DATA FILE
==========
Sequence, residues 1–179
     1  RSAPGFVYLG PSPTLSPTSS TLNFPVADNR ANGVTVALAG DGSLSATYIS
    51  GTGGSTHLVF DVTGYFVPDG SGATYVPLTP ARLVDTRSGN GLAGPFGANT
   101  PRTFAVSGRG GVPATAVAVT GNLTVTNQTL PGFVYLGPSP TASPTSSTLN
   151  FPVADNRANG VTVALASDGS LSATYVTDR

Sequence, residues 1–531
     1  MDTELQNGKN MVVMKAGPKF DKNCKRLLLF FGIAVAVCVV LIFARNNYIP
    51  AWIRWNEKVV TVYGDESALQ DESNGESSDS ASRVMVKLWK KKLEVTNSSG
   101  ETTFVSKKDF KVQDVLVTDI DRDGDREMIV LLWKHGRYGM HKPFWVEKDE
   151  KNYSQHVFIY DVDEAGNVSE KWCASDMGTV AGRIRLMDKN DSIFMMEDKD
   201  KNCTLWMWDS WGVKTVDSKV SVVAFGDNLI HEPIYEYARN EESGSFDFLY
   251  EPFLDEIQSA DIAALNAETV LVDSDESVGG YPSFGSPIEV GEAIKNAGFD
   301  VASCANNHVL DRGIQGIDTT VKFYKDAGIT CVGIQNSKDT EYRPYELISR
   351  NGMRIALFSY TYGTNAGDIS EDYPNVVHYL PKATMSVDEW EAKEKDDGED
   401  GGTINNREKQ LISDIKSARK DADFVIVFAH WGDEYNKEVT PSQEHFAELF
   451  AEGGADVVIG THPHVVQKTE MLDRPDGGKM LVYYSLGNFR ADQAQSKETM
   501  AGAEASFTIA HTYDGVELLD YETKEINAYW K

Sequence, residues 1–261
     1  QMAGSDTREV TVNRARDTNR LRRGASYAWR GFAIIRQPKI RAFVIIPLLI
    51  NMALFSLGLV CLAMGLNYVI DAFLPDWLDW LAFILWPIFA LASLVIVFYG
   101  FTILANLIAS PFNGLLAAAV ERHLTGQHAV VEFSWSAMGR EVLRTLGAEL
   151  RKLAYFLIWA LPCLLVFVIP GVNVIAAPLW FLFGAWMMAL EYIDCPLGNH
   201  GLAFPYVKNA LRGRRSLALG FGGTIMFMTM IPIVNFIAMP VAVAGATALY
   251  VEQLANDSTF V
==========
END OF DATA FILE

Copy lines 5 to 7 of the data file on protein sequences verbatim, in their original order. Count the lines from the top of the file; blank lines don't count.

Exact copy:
   151  FPVADNRANG VTVALASDGS LSATYVTDR

Sequence, residues 1–531
     1  MDTELQNGKN MVVMKAGPKF DKNCKRLLLF FGIAVAVCVV LIFARNNYIP